Ichnologic Controls on Early Diagenesis and Secondary Mineralization
Published:January 01, 1984
1984. "Ichnologic Controls on Early Diagenesis and Secondary Mineralization", Ichnology: The Use of Trace Fossils in Sedimentology and Stratigraphy, A. A. Ekdale, R. G. Bromley, S. G. Pemberton
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Organisms that produce traces occupy such a wide range of substrates that it can be said that as long as a sediment is exposed, it may be occupied. This is especially the case in marine settings, where a succession of infaunal communities may inhabit a deposit as it progresses through the successive stages of soupground, softground, firmground and hardground/rockground. The transition of soupy sediment to indurated rock occurs by compaction and diagenesis and thus accompanies the succession of ichnocoenoses in the same deposit. Complex ichnofabrics result from the juxtaposition of trace fossils produced in an ever-lithifying substrate. For example, borings of the Trypanites ichnofacies (i.e., in a rockground) may be superimposed on burrows of the Glossifungites ichnofacies (i.e., in a firmground), which in turn may be juxtaposed upon burrows of the Skolithos ichnofacies (i.e., in a softground), which themselves may have been emplaced in an already thoroughly bioturbated sediment (i.e., in a soupground).
An excellent example of this parallel succession of diagenetic and ichnologic events affecting a sediment can be seen in the Upper Cretaceous chalk of northern Europe. Compaction deformation of trace fossils and sharpness of burrow margins provide information about the character of the original chalk substrate. Zoophycos and Chondrites, for example, occur only in situations where the sediment was firm but uncemented, even though they commonly are overprinted on a background ichnofabric containing indistinct, highly compacted and deformed burrows. Thalassinoides, on the other hand, apparently was produced in a variety of substrate conditions, including soupgrounds, softground, firmgrounds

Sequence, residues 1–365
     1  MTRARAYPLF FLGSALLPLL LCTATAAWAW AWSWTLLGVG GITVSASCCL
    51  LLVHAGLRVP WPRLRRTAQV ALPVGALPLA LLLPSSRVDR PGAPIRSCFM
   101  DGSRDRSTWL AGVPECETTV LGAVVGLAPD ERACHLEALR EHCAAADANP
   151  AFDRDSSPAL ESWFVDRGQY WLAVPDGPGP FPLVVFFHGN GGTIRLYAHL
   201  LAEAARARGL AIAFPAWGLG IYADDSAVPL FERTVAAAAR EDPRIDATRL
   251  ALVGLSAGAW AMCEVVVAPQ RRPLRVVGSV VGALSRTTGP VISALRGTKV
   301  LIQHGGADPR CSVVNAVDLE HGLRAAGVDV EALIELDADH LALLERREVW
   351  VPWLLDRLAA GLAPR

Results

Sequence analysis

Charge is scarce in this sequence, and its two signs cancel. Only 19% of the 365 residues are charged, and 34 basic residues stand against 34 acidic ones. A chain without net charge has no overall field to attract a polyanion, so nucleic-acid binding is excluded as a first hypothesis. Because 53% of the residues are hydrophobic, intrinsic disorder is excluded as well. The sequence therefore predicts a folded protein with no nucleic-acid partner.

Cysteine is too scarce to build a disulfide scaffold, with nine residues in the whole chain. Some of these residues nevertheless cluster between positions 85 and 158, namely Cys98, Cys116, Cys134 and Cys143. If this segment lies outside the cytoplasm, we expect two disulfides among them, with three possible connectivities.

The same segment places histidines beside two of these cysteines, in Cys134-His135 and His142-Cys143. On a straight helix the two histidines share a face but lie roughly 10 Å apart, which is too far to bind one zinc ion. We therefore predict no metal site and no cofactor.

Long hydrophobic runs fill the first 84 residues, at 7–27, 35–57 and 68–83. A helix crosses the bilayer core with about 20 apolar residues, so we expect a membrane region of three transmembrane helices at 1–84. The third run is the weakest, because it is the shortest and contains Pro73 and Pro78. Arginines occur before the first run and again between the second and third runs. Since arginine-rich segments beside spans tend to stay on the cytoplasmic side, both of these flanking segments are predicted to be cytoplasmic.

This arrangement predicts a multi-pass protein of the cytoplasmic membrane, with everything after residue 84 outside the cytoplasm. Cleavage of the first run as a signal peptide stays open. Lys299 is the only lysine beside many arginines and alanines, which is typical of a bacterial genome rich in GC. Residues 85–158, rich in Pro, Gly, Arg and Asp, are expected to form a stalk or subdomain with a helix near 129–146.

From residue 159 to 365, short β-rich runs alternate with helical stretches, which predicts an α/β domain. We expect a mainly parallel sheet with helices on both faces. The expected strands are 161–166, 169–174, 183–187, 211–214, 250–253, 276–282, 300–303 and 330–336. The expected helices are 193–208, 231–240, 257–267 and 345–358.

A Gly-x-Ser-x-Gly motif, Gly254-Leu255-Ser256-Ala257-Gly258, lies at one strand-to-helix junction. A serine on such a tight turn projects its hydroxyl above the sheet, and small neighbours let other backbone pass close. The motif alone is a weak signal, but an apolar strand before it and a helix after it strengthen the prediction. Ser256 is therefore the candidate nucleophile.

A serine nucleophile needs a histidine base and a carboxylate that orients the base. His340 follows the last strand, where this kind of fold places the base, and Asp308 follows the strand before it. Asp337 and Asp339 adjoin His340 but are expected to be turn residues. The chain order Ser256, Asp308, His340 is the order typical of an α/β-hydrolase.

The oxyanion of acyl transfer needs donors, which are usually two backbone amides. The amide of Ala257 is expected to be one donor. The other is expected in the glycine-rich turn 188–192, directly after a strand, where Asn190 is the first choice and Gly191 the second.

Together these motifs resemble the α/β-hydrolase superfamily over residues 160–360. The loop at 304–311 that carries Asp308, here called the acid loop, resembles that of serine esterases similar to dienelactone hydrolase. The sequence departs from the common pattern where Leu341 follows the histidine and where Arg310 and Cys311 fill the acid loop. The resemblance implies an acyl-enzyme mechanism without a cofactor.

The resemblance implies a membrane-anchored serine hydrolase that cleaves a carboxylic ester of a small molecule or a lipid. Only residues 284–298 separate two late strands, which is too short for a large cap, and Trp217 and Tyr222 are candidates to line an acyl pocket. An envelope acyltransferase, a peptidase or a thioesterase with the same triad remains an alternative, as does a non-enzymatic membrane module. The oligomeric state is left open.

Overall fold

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Ichnology: The Use of Trace Fossils in Sedimentology and Stratigraphy
Ichnology is a fascinating field of endeavor. As with science in general, it is a process of solving mysteries–in this case, mysteries of fossil behavior. In a very real sense the ichnologist is Sam Spade or Sherlock Holmes–following footprints, searching for traces of dastardly deeds, studying artifacts, attempting to reconstruct a sequence of events from subtle clues, pursuing the identity of someone (or something) long dead. Who was the culprit? What was he/she doing? Where was he/she living, working or going? Not only intellectually intriguing, ichnology also has practical application and economic importance. In today’s frenzied quest for energy and mineral resources, exploration geologists value every tool that aids their search. Ichnologic observations and analyses can help the sedimentologist reconstruct ancient depositional environments, help the stratigrapher correlate sedimentary strata, help the paleontologist determine the nature of fossil communities, and help the geochemist determine the effect of organisms on sediment composition. This publication was written to serve as a comprehensive and intelligible introduction to ichnology for anyone with even rudimentary geologic training, whether or not that person enrolls in a formal course on the subject. The book emphasizes sedimentologic, stratigraphic and paleoecologic al aspects of ichnology.